8 challenges that keep financial services CTOs and CIOs up at night

Experts in financial services, IT, security and compliance discuss the major issues facing IT executives at financial services companies.

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“Companies have invested heavily in advanced technology, from firewalls to SIEM tools, but they’re often forced to prune data due to cost and scalability limitations of tools,” says Don Brown, cofounder & CIO, Rocana. “That means they often can’t shed light on events that happened months ago, putting them at risk of attacks that lay dormant for weeks or months. To sleep well at night, IT leaders need… solutions that allow them to collect all data from all sources and keep it accessible and searchable in real-time for advanced forensics.”

6. Compliance with government and industry regulations

Companies operating in the financial services sector must comply with a host of government and industry regulations. And adhering to these regulations, as well as keeping abreast of new regulations, often falls to the CTO or CIO.

“The Bank Secrecy Act (BSA) and anti-money laundering compliance [in particular] has taken a toll on CIOs and CTOs for years,” says Larry Larmeu, managing director, L2 Digital. “Banks have to comb through transactions for possible fraud and report them to the federal government. Some banks have over 1,000 employees dedicated to this alone,” he reports. “New data analytics capabilities are lessening the burden for some banks, but some have legacy systems that are difficult to integrate with these big data processing platforms.”

And the BSA is just one of many regulations financial services have to comply with, with new regulations being proposed on a regular basis.

Case in point: on Sept. 13, Governor Andrew M. Cuomo of New York proposed a first-of-its-kind regulation that would require “banks, insurance companies and other financial services institutions regulated by the State Department of Financial Services… to establish and maintain a cybersecurity program designed to protect consumers and ensure the safety and soundness of New York State’s financial services industry.”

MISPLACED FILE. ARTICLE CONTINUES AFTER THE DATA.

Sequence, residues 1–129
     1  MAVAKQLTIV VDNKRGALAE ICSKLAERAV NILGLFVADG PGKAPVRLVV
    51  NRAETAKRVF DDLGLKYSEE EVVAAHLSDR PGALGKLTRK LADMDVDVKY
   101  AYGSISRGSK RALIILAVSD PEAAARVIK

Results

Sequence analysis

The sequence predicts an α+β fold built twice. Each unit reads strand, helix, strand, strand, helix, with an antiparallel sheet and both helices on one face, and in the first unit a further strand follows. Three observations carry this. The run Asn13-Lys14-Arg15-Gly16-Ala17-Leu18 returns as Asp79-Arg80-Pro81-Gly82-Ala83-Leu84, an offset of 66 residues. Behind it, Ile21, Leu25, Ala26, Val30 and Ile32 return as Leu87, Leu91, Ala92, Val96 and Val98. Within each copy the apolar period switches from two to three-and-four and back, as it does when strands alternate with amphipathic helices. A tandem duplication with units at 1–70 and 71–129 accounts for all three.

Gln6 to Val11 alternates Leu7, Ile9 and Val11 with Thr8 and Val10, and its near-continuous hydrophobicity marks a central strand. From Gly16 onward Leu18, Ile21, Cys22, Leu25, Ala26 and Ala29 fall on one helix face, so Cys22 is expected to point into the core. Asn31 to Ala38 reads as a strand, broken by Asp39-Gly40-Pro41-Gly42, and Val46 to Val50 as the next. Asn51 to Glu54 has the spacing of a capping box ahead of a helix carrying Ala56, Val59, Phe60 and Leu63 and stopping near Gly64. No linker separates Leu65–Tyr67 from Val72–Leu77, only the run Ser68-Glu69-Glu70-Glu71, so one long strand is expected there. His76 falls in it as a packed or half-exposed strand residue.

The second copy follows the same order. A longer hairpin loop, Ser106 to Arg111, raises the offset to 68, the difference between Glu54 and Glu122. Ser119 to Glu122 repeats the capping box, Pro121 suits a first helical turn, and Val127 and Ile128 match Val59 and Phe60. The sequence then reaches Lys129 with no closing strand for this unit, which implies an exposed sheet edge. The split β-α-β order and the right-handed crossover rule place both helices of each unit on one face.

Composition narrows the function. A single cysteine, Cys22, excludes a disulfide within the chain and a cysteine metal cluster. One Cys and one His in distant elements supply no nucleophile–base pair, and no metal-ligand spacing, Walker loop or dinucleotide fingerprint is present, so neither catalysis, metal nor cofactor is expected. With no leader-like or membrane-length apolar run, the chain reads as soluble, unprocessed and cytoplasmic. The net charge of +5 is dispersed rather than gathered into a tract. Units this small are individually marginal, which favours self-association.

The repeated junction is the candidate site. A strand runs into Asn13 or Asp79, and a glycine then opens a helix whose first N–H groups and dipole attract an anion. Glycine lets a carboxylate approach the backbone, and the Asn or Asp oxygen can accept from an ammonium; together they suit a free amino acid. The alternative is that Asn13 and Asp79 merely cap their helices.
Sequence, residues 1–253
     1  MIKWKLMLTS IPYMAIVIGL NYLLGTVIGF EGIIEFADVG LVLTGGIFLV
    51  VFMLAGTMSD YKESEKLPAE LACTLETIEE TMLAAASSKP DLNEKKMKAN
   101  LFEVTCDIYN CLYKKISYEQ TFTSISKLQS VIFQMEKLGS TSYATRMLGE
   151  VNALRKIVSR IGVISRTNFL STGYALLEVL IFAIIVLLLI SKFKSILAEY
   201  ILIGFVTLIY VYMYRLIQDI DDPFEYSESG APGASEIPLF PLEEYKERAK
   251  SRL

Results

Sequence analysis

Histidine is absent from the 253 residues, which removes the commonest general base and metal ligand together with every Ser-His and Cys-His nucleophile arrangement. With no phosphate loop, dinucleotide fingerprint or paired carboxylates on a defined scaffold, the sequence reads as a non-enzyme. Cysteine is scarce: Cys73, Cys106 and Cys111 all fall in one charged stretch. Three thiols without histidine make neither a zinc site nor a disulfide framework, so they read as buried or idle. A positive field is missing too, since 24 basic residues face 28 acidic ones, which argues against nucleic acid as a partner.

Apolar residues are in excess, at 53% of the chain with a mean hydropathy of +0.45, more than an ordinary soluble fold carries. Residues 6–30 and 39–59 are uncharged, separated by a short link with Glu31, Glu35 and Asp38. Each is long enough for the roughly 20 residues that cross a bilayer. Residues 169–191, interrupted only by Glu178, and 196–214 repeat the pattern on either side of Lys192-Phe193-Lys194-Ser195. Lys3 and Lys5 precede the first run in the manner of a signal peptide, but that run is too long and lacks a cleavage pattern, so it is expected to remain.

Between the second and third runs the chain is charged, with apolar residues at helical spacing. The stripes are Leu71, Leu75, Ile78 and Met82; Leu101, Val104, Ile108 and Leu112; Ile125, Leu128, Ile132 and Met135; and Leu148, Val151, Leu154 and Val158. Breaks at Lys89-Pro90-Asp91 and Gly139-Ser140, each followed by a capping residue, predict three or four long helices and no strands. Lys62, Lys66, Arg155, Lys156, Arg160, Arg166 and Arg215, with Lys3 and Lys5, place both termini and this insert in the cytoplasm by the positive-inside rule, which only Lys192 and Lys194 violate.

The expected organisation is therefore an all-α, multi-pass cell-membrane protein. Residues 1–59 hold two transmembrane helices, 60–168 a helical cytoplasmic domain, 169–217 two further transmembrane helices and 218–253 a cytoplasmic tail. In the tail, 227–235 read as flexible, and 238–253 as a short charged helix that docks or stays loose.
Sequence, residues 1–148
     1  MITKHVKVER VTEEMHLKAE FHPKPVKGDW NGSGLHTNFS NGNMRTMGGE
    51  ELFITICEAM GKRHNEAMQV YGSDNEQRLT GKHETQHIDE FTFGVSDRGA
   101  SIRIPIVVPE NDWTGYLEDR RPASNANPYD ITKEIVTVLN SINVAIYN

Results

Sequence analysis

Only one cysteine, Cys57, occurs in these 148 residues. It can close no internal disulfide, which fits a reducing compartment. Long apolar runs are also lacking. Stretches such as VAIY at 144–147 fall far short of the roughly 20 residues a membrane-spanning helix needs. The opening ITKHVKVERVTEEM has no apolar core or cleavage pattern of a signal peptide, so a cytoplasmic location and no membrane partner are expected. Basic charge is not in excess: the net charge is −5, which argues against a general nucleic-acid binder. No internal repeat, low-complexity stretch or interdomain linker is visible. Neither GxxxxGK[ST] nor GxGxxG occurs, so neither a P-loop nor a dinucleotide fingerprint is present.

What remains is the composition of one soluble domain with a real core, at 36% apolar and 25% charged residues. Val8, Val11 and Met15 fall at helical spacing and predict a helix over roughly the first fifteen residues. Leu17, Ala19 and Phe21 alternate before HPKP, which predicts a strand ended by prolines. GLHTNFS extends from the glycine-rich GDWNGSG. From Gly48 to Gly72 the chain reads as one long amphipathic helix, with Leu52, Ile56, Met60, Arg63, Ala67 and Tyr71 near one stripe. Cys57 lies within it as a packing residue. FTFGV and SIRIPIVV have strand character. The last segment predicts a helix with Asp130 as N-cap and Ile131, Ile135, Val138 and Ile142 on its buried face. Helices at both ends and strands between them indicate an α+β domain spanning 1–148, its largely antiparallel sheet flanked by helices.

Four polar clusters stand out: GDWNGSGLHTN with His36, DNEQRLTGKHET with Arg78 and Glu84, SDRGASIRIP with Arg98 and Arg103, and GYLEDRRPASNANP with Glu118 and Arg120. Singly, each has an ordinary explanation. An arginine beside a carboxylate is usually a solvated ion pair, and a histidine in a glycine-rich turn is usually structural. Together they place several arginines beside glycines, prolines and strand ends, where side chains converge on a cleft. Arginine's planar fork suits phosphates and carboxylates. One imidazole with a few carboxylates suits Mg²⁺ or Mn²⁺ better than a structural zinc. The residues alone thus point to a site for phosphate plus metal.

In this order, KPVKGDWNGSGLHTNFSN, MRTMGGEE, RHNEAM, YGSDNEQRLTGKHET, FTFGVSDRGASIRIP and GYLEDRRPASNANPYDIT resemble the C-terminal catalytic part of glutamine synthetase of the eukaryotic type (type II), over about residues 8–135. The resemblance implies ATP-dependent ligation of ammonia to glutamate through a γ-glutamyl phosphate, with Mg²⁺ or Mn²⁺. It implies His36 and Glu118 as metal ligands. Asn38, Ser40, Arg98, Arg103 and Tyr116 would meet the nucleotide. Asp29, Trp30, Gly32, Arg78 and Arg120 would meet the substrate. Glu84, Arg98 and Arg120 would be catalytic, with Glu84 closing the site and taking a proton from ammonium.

Specifically, the regulation would require “regulated financial institutions to establish a cybersecurity program; adopt a written cybersecurity policy; designate a Chief Information Security Officer responsible for implementing, overseeing and enforcing its new program and policy; and have policies and procedures designed to ensure the security of information systems and nonpublic information accessible to, or held by, third-parties, along with a variety of other requirements to protect the confidentiality, integrity and availability of information systems.” 

7. Data silos

“According to a [recently] released [Liferay] survey of financial industry executives (including many CIOs and CTOs), it seems clear that cooperation between departments – or a lack thereof – is often the source of many headaches,” says John Choi, director of Operations, Liferay. “These leaders want to present a seamless, omnichannel user experience to their customers. However, 56 percent of respondents said access to IT resources is an obstacle, while 46 percent said the fact that different business units own different parts of the customer lifecycle was the primary barrier to addressing the lifecycle in full.”

[ Related: How blockchain will disrupt your business ]

8. New technology (business disrupters)

“As the number of disrupters in the financial services space continues to rise (Venmo, blockchain-based payment systems, etc.) more CIOs and CTOs ask themselves if what they offer, or plan to offer in the near future, will allow them to keep pace or outpace the competition,” says Crowe. “Mobile banking and remote check deposit are old news. The need to unearth and deploy new technologies and systems that will better serve and streamline their customers’ experiences is now of paramount concern for maintaining long-term business viability.”

Copyright © 2016 IDG Communications, Inc.

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